Renee Collins, Relic

Relic Collins' debut, Relic, takes place in 19th century Colorado, after Maggie Davis loses nearly everything in a fire on her family homestead. Maggie takes a job at a local saloon to provide for her younger sister, and encounters a variety of odd and entertaining characters. When Maggie discovers a latent talent for relics--in her world, the bones and fossils of extinct supernatural animals (griffins, dragons, etc.) hold residual magical talent--everything starts to change. She's drawn into the circle of the enigmatic Álvar Castilla, the wealthy young relic baron who runs Burning Mesa, who trains her in the use of relics. But when more fires like the one that killed her family spring up, Maggie starts to realize that the world of relics might be more powerful--and dangerous--than she knows. The world-building here was fascinating, and I liked the hint of Spanish-American culture that Castilla brought to the story. Mostly, though, I just want my own relic. Maybe griffin. 

Patricia Wrede, Frontier Magic trilogy

Thirteenth Child (Frontier Magic, #1)Wrede's Frontier Magic trilogy starts with Thirteenth Child. Eff (short for Francine) has grown up on the American frontier, not far from the Great Barrier spell running down the Mammoth River (the Mississippi, I think, though it might be the Missouri), which keeps dragons and other destructive magic-wielding animals on the far side of civilization. As her twin brother, Lan, is the seventh son of a seventh son, it's not surprising that Eff is often overlooked, particularly as she is the unlucky thirteenth child in a large family. The story is primarily a coming-of-age story, of Eff learning to understand and appreciate her talents even if her community mostly shuns her. Eff is a delightful character, and the world-building is impressive. Although the magical aspects make Wrede's frontier a very different place from the one we read about in history, she still delves into some interesting politics concerning settlement allocation. I also appreciated how well-conceived her magical world is. (I should note, the book came out to a fair amount of controversy because there are no Native Americans in Wrede's west. It's a fair criticism. I still enjoyed the story, and I think Wrede deals sensitively with a lot of other complex racial and sexist issues in her world, so I don't think the omission is entirely one of racial insensitivity as claimed.)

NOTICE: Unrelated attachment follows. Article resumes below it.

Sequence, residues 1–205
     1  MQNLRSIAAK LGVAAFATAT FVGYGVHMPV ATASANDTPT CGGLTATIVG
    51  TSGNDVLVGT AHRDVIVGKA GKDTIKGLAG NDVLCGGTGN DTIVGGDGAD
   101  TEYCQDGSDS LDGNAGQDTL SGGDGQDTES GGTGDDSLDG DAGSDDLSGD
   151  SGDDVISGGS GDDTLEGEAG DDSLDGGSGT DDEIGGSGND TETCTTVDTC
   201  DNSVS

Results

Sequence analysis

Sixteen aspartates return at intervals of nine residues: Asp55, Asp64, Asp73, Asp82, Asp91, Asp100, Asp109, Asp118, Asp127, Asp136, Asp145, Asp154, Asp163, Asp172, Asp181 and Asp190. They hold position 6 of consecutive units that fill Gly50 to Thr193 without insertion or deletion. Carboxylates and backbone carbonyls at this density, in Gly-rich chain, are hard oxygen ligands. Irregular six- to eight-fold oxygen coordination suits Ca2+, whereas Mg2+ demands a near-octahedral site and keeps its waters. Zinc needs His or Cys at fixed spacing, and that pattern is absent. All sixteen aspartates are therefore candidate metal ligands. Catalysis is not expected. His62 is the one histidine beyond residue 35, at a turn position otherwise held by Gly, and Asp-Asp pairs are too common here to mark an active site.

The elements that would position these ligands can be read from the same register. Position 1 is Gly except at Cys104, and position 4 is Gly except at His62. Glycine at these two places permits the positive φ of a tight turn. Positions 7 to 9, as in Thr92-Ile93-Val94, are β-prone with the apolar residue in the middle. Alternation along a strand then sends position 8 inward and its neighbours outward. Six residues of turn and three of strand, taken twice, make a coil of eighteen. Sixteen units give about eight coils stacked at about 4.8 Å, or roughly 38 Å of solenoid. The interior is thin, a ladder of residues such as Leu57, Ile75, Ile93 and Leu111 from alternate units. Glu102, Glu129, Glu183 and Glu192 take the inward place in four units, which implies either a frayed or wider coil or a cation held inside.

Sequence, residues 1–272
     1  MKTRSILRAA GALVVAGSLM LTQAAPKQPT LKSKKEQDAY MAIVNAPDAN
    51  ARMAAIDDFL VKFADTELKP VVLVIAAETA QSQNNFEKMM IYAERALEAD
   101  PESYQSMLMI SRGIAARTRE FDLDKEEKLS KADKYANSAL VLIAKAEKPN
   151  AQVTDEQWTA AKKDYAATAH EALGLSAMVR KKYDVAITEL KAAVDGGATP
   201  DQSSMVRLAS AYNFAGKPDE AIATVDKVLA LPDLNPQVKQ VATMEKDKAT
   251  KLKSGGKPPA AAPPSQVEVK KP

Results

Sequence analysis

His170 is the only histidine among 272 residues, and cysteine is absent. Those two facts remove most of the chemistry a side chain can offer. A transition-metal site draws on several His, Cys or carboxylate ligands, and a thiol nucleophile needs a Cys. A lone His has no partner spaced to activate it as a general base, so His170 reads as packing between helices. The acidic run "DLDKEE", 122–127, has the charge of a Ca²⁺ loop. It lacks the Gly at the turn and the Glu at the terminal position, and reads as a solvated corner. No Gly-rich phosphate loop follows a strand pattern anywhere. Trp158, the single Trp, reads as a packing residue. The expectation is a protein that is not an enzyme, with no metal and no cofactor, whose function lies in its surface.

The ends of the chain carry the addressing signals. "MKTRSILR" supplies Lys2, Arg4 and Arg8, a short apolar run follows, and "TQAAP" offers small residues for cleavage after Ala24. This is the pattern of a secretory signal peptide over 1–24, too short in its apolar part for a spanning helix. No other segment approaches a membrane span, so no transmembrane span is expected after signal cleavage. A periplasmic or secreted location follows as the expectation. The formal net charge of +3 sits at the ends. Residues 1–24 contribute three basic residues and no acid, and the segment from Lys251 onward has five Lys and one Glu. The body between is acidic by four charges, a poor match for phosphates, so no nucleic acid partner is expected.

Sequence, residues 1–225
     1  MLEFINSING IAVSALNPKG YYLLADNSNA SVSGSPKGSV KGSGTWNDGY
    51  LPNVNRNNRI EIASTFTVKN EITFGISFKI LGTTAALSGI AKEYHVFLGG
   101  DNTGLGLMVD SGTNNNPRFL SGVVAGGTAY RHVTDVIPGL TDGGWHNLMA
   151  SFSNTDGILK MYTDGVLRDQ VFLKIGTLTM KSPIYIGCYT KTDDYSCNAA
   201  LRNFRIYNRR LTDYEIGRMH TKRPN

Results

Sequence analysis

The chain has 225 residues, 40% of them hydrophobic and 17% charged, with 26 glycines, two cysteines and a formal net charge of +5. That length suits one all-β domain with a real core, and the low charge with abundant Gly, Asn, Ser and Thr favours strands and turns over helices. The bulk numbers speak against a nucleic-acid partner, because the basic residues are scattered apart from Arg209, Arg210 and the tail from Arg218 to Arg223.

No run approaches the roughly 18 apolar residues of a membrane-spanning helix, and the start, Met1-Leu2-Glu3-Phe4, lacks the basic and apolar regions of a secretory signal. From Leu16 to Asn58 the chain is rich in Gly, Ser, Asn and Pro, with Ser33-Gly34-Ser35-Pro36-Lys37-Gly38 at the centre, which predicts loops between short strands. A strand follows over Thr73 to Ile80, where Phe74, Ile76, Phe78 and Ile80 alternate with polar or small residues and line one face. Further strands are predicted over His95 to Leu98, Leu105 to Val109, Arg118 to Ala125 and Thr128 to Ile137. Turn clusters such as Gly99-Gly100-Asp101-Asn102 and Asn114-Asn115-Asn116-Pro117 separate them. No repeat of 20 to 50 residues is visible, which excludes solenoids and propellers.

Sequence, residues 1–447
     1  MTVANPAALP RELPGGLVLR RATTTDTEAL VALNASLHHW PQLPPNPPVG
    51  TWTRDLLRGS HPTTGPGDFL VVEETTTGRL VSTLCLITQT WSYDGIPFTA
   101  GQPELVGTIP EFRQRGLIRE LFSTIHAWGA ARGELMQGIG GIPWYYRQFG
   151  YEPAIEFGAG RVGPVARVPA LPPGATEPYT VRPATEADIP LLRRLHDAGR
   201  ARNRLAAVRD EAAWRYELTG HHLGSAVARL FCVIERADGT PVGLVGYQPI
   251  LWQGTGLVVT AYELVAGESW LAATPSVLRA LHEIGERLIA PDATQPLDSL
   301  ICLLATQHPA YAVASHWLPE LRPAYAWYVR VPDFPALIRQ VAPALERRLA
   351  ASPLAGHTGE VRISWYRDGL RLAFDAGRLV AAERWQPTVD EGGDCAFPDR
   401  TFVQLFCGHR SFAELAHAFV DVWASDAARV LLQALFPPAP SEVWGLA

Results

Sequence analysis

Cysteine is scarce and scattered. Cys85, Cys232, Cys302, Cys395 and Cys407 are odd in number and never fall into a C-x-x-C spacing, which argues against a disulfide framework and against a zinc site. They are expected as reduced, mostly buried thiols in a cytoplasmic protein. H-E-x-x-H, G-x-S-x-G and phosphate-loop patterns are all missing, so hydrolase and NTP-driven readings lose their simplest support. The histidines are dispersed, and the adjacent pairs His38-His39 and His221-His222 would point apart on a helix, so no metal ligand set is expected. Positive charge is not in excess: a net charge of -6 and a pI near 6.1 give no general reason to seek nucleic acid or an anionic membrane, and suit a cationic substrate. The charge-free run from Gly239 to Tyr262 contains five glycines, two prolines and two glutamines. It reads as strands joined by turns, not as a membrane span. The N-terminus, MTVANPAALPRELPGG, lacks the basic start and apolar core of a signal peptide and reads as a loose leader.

And of course, there's Orson Scott Card's fascinating Alvin Maker books--not YA, but worth a read all the same. The first book, Seventh Son, starts when Alvin is quite young. (The series is loosely based on the life of Joseph Smith, the first Mormon prophet).

On my TBR list:

Jessica Spotswood's Cahill Witch series (an alternate 1890s New England)

Suzanne Weyn, The Distant Waves (set on the Titanic)

Heidi Heilig's forthcoming The Girl from Everywhere (about a time traveler who ends up in 19th century Hawaii).

Are there any fantastic American-set historical fantasies I've missed?


  1. I haven't read any of these. I bought The Diviners, but right now I am not reading anything in present tense, so it will have to wait. I also bought Cahill Witch series. I am collecting a list of really good ones, some I think you might like. Not all are YA though.

  2. I haven't read any of these, but THE DIVINERS has been on my TBR list for a looonnnnggggg time. The others look good, too.